Weeks ago, I was browsing the excellent More of Me to Love blog and came across Julie Norman. As soon as I read her website, I knew that I had to interview her for Weightless.

Norman is a registered dietician, yoga teacher and Health At Every Size supporter. She helps women heal both their body image insecurities and negative relationships with food.

Below, Norman discusses how readers can improve how they experience their bodies, make peace with food and interpret nutritional info.

Stay tuned tomorrow for part two!

Q: You work with clients to help them change how they care for and experience their bodies. What are some of the ways readers can make these changes? 

A: The most important thing we can do is reconnect to and listen to our bodies.  To slow down and notice what our bodies are telling us, listen to that wisdom and act from there.  The body wants to be in balance, it wants to be healthy.  It will tell us what it does and does not need from food to rest to caffeine to hydration to taking on another work project.

The problem is, we go too fast to hear its cues and/or we’ve been brainwashed not to trust our bodies. Think about it, why would the body want to destroy itself?  This is why I integrate yoga into all my work with clients.  It teaches us that reconnection and body trust.

With the body image piece, the “I feel fat” experience, I have found this to always be a messenger for a deep spiritual or emotional need.  Instead of trying to escape that feeling through changing the body, we need to look into the experience and ask ourselves what BIG message the body is sending us.

What are we Fearful of, Anxious about and Tense around?  Keep breaking that down to what the real problem is (hint: it’s not your body) and address things head on.  Try it and notice the connection to body image and emotions, especially for women.

Q: You’re an ardent supporter of Health At Every Size. Why do you believe in this movement? 

A: I can remember sitting in class as a dietetics student wondering why they were training us to put people on diets and at the same time teaching us statistics illustrating the ineffectiveness of dieting for improving health or even “improving” weight.

Weight is simply a poor measure of health and that narrow focus sabotages people’s attempts to legitimately improve their health on so many levels.  Once I take to focus off weight with clients, they are free to choose for their bodies in the present moment.

They are able to align with their bodies because they are working from acceptance.  If weight needs to change it will as a side affect of positive self-care.  This is true for all my clients across the size, shape and weight continuum.

Q: How can people become more at peace with their bodies? 

A: By agreeing to be in them, accept them, love them and care for them exquisitely.  I realize this sounds easy yet is hard to do.  It’s a huge process that takes time and support given our conditioning and cultural environment.

This is the main reason I developed Body Karma Healing, to focus specifically on this.  A huge part of the process is understanding and healing the “fat experience” I mentioned above.  I am currently building a website that will provide detailed guidance and support for this very thing.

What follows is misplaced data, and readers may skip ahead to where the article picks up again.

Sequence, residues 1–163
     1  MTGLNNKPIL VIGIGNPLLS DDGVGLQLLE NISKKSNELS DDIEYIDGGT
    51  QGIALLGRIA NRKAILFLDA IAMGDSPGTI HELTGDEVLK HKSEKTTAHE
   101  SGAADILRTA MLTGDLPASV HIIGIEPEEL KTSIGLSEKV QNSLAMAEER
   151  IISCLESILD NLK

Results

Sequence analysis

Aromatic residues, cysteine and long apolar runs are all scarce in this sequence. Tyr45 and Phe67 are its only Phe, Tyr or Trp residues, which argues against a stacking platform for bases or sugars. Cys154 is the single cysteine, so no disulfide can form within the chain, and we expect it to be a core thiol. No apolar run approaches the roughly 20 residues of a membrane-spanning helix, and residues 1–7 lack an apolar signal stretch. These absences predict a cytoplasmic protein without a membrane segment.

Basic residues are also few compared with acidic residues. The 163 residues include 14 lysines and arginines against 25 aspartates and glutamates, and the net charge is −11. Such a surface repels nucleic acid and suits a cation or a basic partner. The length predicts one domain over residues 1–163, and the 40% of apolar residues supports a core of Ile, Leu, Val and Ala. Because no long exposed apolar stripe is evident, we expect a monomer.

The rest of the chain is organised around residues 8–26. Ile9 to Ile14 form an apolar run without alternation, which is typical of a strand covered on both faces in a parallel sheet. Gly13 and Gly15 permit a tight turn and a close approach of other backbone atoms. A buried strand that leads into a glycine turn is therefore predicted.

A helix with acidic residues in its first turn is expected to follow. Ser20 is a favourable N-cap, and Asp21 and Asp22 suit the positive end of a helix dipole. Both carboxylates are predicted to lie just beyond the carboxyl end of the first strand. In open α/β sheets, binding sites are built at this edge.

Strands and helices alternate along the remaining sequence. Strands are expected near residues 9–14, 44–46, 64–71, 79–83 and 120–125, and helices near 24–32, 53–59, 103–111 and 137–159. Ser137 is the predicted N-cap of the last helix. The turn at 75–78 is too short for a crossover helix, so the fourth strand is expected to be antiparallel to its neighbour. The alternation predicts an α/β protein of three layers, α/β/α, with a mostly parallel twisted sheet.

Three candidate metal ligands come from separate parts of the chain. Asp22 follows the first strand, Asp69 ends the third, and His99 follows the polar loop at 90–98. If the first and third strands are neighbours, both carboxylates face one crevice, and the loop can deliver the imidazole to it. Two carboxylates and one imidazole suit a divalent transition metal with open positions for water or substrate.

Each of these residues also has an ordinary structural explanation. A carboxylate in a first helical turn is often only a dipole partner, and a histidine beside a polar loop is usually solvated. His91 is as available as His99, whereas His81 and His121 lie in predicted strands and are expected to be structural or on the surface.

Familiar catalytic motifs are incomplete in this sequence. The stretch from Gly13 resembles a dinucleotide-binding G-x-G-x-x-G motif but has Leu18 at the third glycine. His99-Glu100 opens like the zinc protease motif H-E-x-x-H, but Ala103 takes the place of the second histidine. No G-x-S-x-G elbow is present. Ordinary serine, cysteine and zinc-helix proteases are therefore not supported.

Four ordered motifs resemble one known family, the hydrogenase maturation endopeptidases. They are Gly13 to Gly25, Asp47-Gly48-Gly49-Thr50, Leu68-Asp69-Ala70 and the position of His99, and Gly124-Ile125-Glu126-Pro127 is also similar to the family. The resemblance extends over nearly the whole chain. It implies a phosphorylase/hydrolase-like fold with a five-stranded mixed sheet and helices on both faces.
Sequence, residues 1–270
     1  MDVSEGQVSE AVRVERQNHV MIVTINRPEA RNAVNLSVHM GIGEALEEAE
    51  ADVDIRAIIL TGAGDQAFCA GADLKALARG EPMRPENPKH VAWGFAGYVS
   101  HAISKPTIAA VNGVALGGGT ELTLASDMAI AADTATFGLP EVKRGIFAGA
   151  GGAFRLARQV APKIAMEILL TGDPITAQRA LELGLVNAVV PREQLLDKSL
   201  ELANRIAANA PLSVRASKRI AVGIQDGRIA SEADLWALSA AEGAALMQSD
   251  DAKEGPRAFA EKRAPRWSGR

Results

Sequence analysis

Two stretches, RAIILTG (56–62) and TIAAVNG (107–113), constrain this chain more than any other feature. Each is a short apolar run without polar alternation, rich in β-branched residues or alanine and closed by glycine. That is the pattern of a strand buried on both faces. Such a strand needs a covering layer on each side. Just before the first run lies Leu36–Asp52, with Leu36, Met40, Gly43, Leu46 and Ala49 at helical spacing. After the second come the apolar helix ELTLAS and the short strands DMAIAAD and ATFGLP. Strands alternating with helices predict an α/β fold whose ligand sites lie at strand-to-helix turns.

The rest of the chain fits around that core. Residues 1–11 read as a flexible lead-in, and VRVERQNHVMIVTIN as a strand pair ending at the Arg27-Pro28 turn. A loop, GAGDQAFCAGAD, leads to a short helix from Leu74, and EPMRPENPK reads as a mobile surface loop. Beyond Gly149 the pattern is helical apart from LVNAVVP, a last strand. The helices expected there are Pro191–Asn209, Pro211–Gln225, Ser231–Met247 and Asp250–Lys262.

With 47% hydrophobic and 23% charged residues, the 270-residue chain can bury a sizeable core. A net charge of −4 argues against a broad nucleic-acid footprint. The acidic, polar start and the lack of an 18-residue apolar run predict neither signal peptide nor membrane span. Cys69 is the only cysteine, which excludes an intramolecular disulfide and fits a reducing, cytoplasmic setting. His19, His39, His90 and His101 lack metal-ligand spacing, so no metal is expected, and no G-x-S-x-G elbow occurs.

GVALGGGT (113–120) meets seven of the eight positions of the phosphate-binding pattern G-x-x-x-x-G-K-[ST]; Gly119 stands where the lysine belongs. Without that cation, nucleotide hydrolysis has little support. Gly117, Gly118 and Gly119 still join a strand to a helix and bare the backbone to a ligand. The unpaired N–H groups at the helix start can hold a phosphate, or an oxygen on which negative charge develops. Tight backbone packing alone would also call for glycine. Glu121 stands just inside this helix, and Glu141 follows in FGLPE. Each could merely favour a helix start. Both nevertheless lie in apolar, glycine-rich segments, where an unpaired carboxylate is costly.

Q: You help your clients heal their relationships with food. What are your favorite ways readers can start mending this relationship? 

A: First and foremost, begin work on the body image piece.  It’s the foundation to a peaceful relationship with food.

Next ditch dieting.  Any attempts to change health with weight loss as the primary focus will ultimately wreck havoc on your relationship with food.

Instead begin practicing intuitive eating which involves listening to body cues, doing away with good food/bad food mantras and moving in ways that feel good for you.

Q: Nutrition information is often used for restricting and dieting. What would you like readers to know about interpreting nutritional data and tips?

A: I like to teach clients to use their intuition here too.  We are not idiots though the health, beauty and diet industries would like us to believe we are so we continue to buy their products and services.

As you read feel how the information is sitting with you.  If you know in your body it’s a diet in disguise it probably is!

Also, resistance has wisdom.  If you’re thinking, “I should do that,” but something inside resists, follow your own deeper wisdom rather than that magazine article financially backed by corporations and diet ads.  YOU are the expert of your own body!

More about Julie Norman:

Named “The B.I.G.-Body Image Guru” by a group of her clients, Julie blends yoga with professional nutrition guidance for a holistic approach to healing body image, food, and exercise challenges. Focusing on peaceful body image, aligned eating and sustainable movement she helps clients transform how they feel in and care for their bodies. Julie is an engaging and dynamic speaker and enjoys working with individuals and groups in person and virtually.

 


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    Last reviewed: 25 Jan 2012

APA Reference
Tartakovsky, M. (2012). Finding Peace With Food & Our Bodies: Q&A With Dietician Julie Norman. Psych Central. Retrieved on September 2, 2014, from http://blogs.psychcentral.com/weightless/2012/01/finding-peace-with-food-our-bodies-qa-with-dietician-julie-norman/

 

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